The Scottish Government commissioned researchers at Heriot Watt University to undertake a scoping study aimed at providing an overview of the nature of food aid provision in Scotland, and to explore the feasibility of monitoring food aid provision and demand in the future. In particular, the study considered whether data from the Trussell Trust adequately reflects the picture across Scotland.
Efforts were made to identify all food aid providers in eight selected case study locations: Glasgow City, Dundee City, Inverness, Fort William, Stirling, Falkirk, Kirriemuir and Forfar. Key food aid providers in each location were interviewed.
The types of food aid that were the main focus of this study were provision of food parcels (including food banks) and provision of meals by institutions such as hostels, day centres and community cafes (collectively referred to here as ‘soup kitchens’).
Across the eight study locations, a total of 55 providers of food aid were identified, between them delivering 36 food parcel and 38 meals services.
Increased demand for food aid was observed by all providers interviewed for this study (food parcel services and ‘soup kitchens’). All were in agreement that welfare reform, benefit delays, benefit sanctions and falling incomes have been the main factors driving this increase in demand.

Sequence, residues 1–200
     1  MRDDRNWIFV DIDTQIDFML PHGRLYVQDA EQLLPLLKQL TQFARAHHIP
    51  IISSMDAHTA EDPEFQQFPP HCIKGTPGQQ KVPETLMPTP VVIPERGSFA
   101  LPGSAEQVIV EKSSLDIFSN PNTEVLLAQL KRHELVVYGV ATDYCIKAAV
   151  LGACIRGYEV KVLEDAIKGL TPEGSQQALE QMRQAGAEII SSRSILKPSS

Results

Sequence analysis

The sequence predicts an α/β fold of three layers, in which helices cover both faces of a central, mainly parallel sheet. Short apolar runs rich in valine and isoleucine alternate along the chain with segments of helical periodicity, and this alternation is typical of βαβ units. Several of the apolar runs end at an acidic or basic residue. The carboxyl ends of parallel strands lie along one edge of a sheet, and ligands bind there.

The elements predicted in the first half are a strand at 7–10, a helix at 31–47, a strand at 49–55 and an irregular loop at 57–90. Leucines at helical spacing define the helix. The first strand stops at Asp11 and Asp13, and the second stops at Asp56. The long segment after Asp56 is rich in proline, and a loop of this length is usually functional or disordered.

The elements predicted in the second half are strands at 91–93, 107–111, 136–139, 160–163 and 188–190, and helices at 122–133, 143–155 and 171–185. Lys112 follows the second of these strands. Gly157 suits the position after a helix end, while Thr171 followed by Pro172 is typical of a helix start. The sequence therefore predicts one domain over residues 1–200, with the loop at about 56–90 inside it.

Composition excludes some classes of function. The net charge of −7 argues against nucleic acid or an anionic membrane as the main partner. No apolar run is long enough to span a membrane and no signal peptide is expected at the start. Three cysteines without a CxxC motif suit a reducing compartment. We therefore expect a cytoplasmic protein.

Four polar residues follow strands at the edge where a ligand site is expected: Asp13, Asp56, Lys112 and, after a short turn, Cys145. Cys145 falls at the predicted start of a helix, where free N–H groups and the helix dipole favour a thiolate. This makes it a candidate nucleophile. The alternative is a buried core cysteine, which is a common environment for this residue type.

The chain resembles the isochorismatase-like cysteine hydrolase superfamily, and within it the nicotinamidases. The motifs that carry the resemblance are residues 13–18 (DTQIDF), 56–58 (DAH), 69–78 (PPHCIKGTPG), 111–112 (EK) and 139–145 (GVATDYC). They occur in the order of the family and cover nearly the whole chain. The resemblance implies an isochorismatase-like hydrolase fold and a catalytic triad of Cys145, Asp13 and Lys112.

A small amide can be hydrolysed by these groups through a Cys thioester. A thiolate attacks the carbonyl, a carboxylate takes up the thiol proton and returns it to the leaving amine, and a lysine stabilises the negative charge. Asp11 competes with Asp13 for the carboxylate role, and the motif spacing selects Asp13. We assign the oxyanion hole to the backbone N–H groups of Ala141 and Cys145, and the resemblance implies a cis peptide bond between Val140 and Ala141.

Only Trussell Trust food banks systematically undertake detailed monitoring. However, this research found that Trussell Trust figures regarding demand/drivers of demand broadly reflect those of other food parcel providers who participated in the study and, to a more limited extent, also providers of ‘soup kitchens’. The findings suggest there may not be substantial added value in going beyond Trussell Trust data to provide an indication of general trends in demand/drivers of demand, and the research indicates it would, in any case, be difficult to ‘sign up’ non-Trussell Trust providers to undertake the same level of monitoring. Options are, however, suggested for obtaining more detailed information on scale and dynamics of demand, and on monitoring the impact of welfare reform, to capture the experiences of the wider food aid landscape.
The study’s findings suggest that it would not be possible to produce a Scotland-wide demographic profile of the client base for food parcel services or ‘soup kitchens’.